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Harrisville was located in Arroyo Seco Canyon, 6 miles east of Livermore and one mile west of Tesla
in Alameda County, California.
Coal was discovered here in 1862 by Thomas Harris and Jenkin Richards, who opened the Cambrian mine
at the western edge of the district. Three coal seams were mined ranging from 3 feet to 6 feet in
thickness. From 1862 to 1907, ten coal mines at Harrisville had produced over 8,000 tons of coal.
The coal was transported to Livermore by wagons and sold for $4 to $6 per ton. What wasn't consumed
in Livermore was shipped by rail to other cities as far away as Sacramento.
When the Livermore coal mine opened in 1874, Thomas Harris was the mine superintendent. The
Livermore Coal Mining Company established a mining camp for the 100 miners and families on the
banks of Arroyo Seco Creek and in Harris Canyon. The camp of mostly Welsh miners was named
in honor of Thomas Harris, an experienced coal miner from Wales. The camp consisted of mine offices,
coal bunkers, a boardinghouse, Graham Hotel and store, two saloons, blacksmith shop, carpenter's shop,
livery stables, family cabins, and Harris School, attended by 30 children. The Fashion Livery Stables
in Livermore ran a daily stage to the camp. Several attempts to connect a railroad to Livermore had failed,
which in the end spelled doom for the Livermore coal mines when the muddy road prevented them from
delivering the coal.
Remnants of the Livermore coal mine, which operated from 1874 to 1876, by Tesla Road.
In 1876, the Summit coal mine was opened by Jenkin Richards. This was a horizontal underground mine that
followed the six-foot thick coal seam to the east and west for about 600 feet. The Summit coal seam was the
best quality coal in the district and was hard enough to require blasting for its removal. An estimated
220,000 tons of coal was in sight. But Richards took out a total of only 1,800 tons, making it the largest
coal mine at Harrisville.
Site of Harrisville mining camp on Tesla Road.
Site of the boardinghouse, Jenkins' Saloon, and Graham Hotel and Store at Harrisville.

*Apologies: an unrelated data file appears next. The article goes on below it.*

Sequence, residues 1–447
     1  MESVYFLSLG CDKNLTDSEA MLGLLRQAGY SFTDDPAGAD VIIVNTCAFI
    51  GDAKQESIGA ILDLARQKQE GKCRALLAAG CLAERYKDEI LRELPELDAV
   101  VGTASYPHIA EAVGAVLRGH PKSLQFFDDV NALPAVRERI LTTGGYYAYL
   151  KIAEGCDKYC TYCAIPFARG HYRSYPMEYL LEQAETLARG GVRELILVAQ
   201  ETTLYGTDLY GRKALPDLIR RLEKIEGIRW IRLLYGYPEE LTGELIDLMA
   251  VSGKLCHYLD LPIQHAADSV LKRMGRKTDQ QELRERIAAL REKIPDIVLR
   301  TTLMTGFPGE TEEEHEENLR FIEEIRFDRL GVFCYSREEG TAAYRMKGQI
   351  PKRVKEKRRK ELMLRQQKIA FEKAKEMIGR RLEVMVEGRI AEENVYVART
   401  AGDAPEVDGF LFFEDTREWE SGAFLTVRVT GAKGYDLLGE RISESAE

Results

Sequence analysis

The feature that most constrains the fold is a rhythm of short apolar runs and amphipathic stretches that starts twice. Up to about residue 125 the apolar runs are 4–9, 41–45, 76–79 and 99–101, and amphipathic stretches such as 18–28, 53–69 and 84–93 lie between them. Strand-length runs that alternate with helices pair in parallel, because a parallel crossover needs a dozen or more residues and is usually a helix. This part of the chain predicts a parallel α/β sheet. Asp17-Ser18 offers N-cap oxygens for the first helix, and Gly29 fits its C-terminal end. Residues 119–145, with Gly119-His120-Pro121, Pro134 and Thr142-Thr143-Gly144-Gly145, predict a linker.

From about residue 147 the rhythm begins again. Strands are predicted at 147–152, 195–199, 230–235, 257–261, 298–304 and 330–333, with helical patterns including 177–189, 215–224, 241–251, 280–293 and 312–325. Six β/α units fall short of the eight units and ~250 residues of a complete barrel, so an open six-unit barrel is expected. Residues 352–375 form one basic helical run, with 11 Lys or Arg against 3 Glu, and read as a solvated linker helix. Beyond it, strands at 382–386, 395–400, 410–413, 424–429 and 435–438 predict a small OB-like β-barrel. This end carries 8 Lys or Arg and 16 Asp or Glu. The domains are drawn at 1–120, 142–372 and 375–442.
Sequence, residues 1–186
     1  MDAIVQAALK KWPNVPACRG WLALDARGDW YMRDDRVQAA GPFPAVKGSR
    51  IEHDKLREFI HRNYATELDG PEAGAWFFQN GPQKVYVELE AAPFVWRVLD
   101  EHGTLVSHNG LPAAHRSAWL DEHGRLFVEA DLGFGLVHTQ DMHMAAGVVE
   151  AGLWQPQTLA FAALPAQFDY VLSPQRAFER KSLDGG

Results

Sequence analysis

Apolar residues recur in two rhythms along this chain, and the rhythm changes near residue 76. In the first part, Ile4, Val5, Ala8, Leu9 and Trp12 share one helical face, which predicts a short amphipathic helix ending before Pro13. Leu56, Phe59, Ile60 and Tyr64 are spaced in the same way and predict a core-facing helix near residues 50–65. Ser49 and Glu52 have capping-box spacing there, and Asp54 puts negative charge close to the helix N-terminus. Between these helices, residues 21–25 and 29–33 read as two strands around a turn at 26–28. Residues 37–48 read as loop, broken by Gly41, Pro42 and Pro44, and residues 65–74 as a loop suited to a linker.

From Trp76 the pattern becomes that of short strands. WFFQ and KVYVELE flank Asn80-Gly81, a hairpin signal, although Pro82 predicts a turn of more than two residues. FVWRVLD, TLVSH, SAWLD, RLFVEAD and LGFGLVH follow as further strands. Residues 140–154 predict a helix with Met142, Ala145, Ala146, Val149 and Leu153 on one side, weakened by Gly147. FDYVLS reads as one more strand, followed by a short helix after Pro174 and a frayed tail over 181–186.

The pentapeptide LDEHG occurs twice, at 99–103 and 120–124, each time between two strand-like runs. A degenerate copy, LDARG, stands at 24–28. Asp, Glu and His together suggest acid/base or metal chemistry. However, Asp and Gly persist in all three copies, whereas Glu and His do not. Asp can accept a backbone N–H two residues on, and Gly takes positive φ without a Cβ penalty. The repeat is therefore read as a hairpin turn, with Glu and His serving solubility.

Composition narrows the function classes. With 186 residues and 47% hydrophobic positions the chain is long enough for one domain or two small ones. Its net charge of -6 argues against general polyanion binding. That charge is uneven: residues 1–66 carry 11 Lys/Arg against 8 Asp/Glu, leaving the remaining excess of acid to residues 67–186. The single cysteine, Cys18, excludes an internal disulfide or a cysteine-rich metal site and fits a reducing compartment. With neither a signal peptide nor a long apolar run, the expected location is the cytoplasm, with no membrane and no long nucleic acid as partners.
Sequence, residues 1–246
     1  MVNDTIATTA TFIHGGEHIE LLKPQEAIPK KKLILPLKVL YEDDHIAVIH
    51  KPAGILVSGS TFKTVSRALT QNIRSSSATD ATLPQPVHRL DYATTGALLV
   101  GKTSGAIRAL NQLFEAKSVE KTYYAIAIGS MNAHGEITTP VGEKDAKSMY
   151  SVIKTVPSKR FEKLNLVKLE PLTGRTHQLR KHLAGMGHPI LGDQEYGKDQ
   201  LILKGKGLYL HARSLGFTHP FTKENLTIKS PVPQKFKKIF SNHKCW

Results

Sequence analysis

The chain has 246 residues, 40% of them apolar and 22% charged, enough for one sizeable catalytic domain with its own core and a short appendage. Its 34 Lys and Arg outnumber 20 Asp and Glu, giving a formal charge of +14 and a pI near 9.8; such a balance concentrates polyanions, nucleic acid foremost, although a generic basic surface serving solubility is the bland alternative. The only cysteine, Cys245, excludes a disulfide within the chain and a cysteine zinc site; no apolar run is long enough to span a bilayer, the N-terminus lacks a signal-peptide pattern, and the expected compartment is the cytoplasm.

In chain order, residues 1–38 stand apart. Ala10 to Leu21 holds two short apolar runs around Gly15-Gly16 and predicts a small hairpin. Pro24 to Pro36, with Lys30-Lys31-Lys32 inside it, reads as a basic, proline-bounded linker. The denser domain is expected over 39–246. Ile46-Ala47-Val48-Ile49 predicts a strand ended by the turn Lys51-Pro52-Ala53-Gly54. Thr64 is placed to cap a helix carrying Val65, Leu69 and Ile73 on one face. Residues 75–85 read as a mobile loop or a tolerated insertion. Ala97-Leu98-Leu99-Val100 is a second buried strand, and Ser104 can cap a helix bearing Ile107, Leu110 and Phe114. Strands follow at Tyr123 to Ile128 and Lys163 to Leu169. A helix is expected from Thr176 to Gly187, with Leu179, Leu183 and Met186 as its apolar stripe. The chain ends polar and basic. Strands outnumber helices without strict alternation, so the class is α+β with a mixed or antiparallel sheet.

Harris Canyon was the site of miner's cabins, Harris School, and a few coal mines.
In the late 1880s, William T. Coleman, who had acquired the Summit coal mine, was just beginning to
reopen the closed mine and build a new railroad to the San Joaquin River, when his borax mine at Death
Valley and mercantile business in San Francisco had failed. John Treadwell, who was quietly acquiring
the coal properties in Corral Hollow, bought the Summit mine and railroad rights from Coleman. Treadwell
also purchased the Livermore coal mine and all of the smaller mines at Harrisville. The Harrisville
miners were transferred to Treadwell's new coal mine at Tesla. Harrisville then became a suburb of the
Tesla mining camp.
Remnants of the Summit coal mine, which operated from 1876 to 1877, was the largest mine at Harrisville.
Thomas Harris left to open a coal mine in Orange County, California, where he died in 1900. Jenkin Richards
remained at Harrisville and worked as a contract miner at Tesla until his death in 1904. After the Tesla mines
shut down in 1911, Harrisville became the focus of clay mining when rich kaolin deposits were found adjacent
to the coal beds. Clay mining by the Livermore Clay and Sand Company and others continued into the late 1920s,
when local brick manufacturers were accepting their clay. Like at Tesla, mining was eventually replaced by
cattle ranching and the mines fell into disrepair.
Remnants of the Pen Daren coal mine, which operated from 1879 to 1880.
Remnants of the Livermore Clay and Sand Mining Company quarry from the 1920s.
Clay adit that was still open on the north side of Tesla Road as late as the 1970s.
Mosier, Dan L., Harrisville and the Livermore Coal Mines, Mines Road Books, San Leandro, CA, 1978.
Email Dan L. Mosier: email@example.com.
Copyright © 2014 Dan L. Mosier